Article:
COVID Economy: Sinkers and Swimmers

In Buzz, October 2020 by Raleigh MagazineLeave a Comment

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While virtually all global, national and regional industries have been impacted by the COVID-19 pandemic, Raleigh, Wake County and the Triangle are in a good position to make a swift recovery. In fact, Forbes magazine ranked both Raleigh and Durham as top U.S. cities poised to bounce back from the coronavirus, along with other mid-size cities across the country. “Some industries were able to adapt, either because the work could be done at home or the ‘office’ was ‘easy’ to make safe,” said Jennifer Miller, the vice president of marketing and communications for the Raleigh Chamber of Commerce in an email to Raleigh Magazine. “Through [an] existing industry survey conducted in June, only 10 percent of businesses surveyed reported little to no impact from the pandemic at that time.” 

Using data provided by the Chamber, we take a look at some local industries that are doing well in the COVID economy, and those who are struggling. 

As of August 31 in Wake County,  there are
36
active projects, or companies considering an expansion or relocation to the area
7,400+ anticipated jobs from these active projects
$1.5 billion+ in investment

By industry, active projects include headquarters, shared services, advanced manufacturing, life sciences, software and clean technology. Most activity is in advanced manufacturing, life sciences, headquarters and shared services.

Project Activity
October 1, 2019 – August 31, 2020

77 company announcements
5,976 jobs created
$406 million in investment 

During the pandemic, the following companies announced investment in Wake: 

Bandwidth announced a new global headquarters, moving from NC State Centennial Campus to a new location in west Raleigh. Bandwidth will bring 1,100+ jobs to Wake County in this expansion project.

Envestnet, a financial technology company headquartered in Chicago, expanded its Raleigh presence with the addition of 148 new jobs. 

Hansae, a South Korean company, selected Garner for a PPE manufacturing facility, further adding to the region’s list of more than 700 international companies.

Microsoft announced the creation of 500 new jobs, expanding the company’s growing presence in Morrisville.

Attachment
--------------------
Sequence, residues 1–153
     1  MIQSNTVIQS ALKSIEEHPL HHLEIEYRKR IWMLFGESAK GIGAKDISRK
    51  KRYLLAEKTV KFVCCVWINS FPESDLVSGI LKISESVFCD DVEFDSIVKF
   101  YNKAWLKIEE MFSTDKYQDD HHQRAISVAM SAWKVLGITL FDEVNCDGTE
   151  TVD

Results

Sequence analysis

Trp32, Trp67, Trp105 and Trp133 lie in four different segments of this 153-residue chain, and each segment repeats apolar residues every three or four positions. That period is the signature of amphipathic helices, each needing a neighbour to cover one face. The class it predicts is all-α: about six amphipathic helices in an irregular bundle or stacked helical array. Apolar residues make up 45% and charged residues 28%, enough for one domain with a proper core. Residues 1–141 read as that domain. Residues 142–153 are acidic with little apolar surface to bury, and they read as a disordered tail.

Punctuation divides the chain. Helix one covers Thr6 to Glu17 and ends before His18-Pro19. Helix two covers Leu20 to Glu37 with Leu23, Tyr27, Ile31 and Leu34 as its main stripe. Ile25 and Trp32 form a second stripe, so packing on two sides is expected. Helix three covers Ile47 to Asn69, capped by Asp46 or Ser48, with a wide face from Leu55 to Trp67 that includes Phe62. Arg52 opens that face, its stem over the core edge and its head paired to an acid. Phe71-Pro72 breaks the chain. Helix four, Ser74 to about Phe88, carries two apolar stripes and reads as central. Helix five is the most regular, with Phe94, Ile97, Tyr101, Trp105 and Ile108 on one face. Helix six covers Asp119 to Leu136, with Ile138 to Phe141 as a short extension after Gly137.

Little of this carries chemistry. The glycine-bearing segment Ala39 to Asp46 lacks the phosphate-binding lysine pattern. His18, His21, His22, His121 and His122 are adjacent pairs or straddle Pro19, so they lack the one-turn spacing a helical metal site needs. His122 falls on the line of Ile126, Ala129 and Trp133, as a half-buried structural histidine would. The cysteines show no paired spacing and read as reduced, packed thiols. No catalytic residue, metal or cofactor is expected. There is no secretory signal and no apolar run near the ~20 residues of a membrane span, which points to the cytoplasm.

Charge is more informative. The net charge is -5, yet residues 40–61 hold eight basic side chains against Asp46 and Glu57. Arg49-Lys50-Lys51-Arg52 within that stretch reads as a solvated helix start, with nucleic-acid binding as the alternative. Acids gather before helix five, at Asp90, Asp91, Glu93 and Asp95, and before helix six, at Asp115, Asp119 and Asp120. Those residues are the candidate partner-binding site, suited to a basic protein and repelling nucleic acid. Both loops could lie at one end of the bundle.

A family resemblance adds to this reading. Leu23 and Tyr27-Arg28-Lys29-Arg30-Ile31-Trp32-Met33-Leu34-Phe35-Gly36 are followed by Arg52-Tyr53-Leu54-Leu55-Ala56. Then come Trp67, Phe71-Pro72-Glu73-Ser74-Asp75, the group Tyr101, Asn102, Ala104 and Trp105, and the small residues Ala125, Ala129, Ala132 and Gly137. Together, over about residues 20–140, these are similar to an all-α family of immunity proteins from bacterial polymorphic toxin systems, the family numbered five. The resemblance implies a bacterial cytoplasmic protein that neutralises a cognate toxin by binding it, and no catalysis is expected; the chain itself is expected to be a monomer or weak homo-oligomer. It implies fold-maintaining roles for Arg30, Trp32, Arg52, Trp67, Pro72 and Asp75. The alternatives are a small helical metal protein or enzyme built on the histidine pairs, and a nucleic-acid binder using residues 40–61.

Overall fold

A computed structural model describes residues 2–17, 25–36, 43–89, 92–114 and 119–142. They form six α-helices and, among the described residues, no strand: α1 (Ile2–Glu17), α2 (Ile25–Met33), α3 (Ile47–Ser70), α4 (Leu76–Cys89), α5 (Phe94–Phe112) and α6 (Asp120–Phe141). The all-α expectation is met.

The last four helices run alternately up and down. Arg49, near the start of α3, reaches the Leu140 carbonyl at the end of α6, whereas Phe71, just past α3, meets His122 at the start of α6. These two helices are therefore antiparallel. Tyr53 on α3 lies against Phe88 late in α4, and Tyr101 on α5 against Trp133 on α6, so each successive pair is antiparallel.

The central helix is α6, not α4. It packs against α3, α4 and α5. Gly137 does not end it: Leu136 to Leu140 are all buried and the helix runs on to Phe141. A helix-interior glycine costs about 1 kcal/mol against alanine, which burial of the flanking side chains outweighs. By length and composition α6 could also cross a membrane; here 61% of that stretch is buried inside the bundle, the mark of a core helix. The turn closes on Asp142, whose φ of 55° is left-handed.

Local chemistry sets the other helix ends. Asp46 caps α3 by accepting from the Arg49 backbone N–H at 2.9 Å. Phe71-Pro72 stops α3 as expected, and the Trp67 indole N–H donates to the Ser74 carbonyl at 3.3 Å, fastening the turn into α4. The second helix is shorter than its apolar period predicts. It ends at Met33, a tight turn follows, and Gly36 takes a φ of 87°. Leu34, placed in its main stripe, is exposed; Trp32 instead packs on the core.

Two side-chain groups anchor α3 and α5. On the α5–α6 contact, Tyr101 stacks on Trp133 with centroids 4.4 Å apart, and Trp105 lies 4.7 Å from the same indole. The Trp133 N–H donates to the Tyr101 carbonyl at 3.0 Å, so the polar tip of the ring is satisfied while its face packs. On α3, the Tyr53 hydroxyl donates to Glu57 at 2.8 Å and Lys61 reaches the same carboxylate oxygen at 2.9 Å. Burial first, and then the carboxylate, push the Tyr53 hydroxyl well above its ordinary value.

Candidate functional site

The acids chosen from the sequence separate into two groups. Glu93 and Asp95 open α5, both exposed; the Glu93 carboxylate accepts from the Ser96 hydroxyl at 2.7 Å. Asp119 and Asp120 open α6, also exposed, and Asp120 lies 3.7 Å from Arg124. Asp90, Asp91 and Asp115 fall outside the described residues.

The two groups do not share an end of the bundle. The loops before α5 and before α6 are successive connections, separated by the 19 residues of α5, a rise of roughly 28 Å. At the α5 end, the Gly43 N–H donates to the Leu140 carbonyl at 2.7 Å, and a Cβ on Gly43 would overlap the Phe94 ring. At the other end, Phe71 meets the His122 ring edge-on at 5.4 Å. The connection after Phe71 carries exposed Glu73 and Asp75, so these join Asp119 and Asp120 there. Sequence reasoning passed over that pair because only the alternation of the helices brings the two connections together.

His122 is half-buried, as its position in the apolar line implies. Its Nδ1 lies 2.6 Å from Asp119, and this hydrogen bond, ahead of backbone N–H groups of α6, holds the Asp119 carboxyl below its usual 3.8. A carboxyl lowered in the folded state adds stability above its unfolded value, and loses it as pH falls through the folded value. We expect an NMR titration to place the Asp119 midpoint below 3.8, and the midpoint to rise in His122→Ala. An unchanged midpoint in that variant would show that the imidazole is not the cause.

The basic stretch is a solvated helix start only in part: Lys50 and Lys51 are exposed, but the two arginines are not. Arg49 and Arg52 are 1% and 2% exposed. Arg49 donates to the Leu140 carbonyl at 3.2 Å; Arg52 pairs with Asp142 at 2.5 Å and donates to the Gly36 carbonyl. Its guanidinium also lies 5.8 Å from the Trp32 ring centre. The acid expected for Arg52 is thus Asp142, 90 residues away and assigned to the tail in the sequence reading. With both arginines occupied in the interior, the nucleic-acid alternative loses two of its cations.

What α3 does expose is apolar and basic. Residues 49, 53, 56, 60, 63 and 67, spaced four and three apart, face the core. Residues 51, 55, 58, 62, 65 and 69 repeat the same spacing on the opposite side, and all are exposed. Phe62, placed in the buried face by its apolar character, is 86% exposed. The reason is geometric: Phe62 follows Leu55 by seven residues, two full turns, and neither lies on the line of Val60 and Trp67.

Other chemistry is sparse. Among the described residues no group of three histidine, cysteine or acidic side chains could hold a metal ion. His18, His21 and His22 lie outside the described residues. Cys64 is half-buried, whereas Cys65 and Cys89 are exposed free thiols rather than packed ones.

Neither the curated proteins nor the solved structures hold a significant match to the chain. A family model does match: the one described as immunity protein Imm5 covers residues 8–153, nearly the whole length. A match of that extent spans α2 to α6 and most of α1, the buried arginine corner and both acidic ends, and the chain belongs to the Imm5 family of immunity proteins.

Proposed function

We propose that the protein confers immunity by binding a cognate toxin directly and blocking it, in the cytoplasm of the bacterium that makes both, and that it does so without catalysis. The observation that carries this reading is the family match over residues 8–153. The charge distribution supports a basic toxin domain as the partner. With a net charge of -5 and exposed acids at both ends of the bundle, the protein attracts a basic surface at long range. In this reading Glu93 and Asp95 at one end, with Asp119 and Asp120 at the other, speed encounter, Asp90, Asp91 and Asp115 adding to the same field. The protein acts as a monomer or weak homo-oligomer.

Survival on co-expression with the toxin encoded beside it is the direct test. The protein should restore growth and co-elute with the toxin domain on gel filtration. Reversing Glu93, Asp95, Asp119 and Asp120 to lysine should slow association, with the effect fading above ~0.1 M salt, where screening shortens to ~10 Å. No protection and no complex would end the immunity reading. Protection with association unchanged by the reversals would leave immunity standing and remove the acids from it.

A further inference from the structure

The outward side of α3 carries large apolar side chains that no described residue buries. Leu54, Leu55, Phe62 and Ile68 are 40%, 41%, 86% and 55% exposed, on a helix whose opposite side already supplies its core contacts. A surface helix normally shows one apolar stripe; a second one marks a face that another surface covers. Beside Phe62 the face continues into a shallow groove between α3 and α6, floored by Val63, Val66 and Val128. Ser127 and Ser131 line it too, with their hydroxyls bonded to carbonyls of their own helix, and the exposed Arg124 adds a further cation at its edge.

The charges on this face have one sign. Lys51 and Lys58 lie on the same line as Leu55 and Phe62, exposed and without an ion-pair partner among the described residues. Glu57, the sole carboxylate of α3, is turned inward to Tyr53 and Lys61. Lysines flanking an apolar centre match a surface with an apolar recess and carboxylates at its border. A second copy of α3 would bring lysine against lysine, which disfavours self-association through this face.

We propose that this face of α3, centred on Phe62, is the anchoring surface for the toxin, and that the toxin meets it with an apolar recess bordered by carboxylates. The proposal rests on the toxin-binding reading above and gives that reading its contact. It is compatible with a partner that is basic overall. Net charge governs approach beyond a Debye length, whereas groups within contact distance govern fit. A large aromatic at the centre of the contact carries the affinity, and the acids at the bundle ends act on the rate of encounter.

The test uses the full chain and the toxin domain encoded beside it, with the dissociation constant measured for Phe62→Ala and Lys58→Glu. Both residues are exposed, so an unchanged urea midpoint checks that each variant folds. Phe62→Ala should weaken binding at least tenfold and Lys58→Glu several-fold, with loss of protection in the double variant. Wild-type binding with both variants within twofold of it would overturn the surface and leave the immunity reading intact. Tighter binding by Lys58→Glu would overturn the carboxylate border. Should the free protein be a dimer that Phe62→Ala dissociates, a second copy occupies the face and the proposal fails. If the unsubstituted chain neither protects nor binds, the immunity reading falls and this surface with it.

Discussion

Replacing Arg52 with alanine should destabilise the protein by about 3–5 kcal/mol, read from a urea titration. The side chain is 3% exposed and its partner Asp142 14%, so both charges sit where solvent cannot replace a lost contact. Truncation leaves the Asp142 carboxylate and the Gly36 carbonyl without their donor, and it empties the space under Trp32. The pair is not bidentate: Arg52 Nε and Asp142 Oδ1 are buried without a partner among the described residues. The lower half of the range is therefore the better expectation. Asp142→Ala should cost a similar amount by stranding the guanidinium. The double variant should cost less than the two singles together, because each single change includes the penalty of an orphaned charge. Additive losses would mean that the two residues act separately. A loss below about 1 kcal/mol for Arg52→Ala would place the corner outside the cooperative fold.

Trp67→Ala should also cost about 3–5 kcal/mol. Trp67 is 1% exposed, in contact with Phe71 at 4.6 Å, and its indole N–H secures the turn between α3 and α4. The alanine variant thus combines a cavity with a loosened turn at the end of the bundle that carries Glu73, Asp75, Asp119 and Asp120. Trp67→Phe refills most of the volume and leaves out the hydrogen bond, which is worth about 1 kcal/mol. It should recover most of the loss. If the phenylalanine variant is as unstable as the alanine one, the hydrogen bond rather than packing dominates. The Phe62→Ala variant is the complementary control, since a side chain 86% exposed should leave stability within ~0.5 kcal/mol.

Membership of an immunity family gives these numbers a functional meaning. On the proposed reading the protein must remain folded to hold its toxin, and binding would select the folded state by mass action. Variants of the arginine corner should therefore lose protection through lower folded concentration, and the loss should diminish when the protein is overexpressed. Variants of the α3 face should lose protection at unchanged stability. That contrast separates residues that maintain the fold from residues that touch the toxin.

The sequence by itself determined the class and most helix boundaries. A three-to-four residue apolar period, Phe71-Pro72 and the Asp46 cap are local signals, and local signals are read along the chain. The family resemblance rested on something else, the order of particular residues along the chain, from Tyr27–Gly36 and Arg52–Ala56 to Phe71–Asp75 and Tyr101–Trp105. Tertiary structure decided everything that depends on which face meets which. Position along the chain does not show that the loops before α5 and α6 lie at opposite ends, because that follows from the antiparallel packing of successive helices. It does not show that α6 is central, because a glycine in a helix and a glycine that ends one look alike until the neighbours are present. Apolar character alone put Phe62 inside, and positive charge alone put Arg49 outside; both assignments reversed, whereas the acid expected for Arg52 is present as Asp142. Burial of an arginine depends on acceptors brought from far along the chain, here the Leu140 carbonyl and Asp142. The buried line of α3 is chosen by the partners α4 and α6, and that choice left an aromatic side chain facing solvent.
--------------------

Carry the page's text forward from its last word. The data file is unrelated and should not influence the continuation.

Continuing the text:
Sinkers

Hospitality

It would seem obvious that businesses directly linked to travel and events—air travel, conferences, event rental, rental cars but also, retail and restaurants—are having a hard time. “The businesses and spaces that make our community vibrant, ‘main street businesses,’ have been the most impacted by the pandemic,” said Miller. “Public health policies to reduce spread of the virus and flatten the curve have had an initial impact but now, as the pandemic persists in the community and across the nation, there is a lack of demand in these services and a lot of uncertainty as to when we will see pre-COVID demand in Wake County and the region.”

Wake County saw a drop in the prepared food and beverage, rental vehicle and room occupancy taxes of 36 percent by April, 49 percent by May and 66 percent for June, July and August compared to 2019, according to Wake County tax record data. This translates to a 30 percent drop in employment in July of this year from July of last year. 

Health Services

Counterintuitively, in-person health care visits have been down across the country. Employment data show there has been a 16.3 percent reduction in this workforce from July of this year to July of last year.

Swimmers

Financial Services

Banks and other financial services were paramount in supporting all industries through federal stimulus programs (CARES Act), and the financial services industry saw little to no job loss due to the pandemic, Miller said. In fact, in Wake County, there was no difference in the July employment numbers of 2020 compared to 2019.

Construction

Construction saw a small loss in employment since the start of the pandemic but the industry seems to have turned a corner. Looking at data from this July, there is a .5 percent increase in employment for the mining, logging and construction industry over July of last year. 

IT/Software, Professional Services and Business Services

“Industries that really define our region have seen relatively smaller impacts in their business so far,” Miller wrote. Labor data information shows a 3.9 percent and 2.1 percent fall in employment between July of 2020 and July of 2019 for these industries. They often have business-to-business models and companies, including Bandwidth, Citrix and Cisco, provide services to all industries; many of these services were in high-demand since the start of the pandemic. “The majority of the jobs in these industries are both high skilled and paying, which is part of the reason we see our market across several publications as being touted as a place that will be quicker to recover,” Miller added. 

Life Sciences

Life sciences companies, including manufacturing and professional and business services, have also faced little impact from an employment perspective and in terms of activity. This is for a couple of reasons, according to Miller:

1. Globally, this industry has not seen a large fall in demand; people are still buying medicine and therapeutics.

2. There is a lot of attention on this industry particularly with a focus on a vaccine, but also in therapeutics to combat COVID-19.

3. There is a lot more funding in this industry due to COVID. 

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